Making the decision to become a citizen of the United States is an exciting step for someone to take. A major part of that process involves passing a test. The U.S. Citizenship test consists of four parts: speaking, reading, writing, and civics.
Individuals applying for citizenship are required to demonstrate their verbal skills. U.S. Citizenship and Immigration Services officers ask questions aloud for the applicants to answer. According to USCIS, as long as the applicant appears to have an understanding of the question and responds appropriately, he or she has effectively demonstrated his or her ability to speak English.
To prove they can read English, applicants must read one out of three sentences aloud to the USCIS officer administering the test. To pass this part of the examination, applicants must read one sentence with no extended pauses and with all of the words that contribute to the meaning of the sentence. Pronunciation errors are acceptable so long as they do not interfere with the meaning of the sentence.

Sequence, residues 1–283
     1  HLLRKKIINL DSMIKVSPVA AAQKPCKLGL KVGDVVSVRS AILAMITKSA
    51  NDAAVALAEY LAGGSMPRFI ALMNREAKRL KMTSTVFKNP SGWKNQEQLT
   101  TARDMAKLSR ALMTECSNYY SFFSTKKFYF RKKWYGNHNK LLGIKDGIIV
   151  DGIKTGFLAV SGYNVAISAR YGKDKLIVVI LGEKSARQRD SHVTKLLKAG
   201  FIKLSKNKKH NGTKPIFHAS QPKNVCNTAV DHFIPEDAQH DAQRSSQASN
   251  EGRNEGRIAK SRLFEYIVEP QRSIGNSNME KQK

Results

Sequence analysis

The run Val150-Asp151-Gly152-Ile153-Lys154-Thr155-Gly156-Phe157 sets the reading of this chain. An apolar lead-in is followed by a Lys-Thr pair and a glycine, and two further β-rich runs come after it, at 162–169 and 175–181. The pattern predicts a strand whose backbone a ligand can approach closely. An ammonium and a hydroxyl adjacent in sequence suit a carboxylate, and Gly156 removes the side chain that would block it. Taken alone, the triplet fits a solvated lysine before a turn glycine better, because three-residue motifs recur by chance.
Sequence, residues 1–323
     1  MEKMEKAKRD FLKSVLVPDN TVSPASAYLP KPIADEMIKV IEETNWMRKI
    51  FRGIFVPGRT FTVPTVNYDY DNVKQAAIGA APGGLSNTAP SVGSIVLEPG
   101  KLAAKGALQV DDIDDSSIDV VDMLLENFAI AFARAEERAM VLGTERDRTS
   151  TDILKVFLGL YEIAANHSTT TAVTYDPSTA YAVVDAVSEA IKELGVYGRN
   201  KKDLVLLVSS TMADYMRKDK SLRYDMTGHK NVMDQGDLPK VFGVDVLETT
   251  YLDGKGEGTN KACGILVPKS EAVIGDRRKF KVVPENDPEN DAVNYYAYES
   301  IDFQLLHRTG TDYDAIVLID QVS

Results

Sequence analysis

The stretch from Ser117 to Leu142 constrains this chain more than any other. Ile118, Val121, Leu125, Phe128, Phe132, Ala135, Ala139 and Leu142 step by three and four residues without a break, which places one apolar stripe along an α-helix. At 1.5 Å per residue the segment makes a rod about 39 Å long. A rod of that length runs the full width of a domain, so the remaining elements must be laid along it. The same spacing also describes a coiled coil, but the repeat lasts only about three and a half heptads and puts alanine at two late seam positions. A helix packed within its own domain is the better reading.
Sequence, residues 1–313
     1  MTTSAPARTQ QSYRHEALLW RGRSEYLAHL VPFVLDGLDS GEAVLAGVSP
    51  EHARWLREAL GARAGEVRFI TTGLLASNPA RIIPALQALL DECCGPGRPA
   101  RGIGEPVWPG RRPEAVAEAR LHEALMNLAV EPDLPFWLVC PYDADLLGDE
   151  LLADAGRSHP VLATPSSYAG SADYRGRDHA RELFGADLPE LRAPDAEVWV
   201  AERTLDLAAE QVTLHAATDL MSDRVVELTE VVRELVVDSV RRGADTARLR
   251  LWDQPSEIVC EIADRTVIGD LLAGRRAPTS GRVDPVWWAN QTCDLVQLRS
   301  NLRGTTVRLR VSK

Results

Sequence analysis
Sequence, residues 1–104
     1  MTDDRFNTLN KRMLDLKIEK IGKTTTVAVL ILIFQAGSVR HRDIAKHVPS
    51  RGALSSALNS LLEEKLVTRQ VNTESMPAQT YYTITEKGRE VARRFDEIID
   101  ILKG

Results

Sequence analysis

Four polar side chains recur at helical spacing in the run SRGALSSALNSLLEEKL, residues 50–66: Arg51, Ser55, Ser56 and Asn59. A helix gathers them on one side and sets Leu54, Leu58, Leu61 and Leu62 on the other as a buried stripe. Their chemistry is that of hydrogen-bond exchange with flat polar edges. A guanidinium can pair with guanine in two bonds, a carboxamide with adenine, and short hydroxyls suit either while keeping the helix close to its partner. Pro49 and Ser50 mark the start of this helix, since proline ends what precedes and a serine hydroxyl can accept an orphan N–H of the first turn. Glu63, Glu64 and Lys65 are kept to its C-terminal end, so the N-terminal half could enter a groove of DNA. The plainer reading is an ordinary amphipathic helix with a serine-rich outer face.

In order to adequately show the ability to write in English, applicants must correctly write one of three sentences that are dictated to them by a USCIS officer. A passing sentence will have the same general meaning as the dictated one. A few errors or even omissions are acceptable as long as they do not interfere with the overall meaning of the sentence. Numbers may be either spelled out or simply written as digits.
To sufficiently prove their understanding of the U.S. government and history, applicants must correctly answer six of 10 questions that their USCIS officer asks them in the form of oral examination. A passing grade to this portion of the exam involves simply providing the correct answer. The phrasing can be a little different as long as the meaning of the answer is preserved.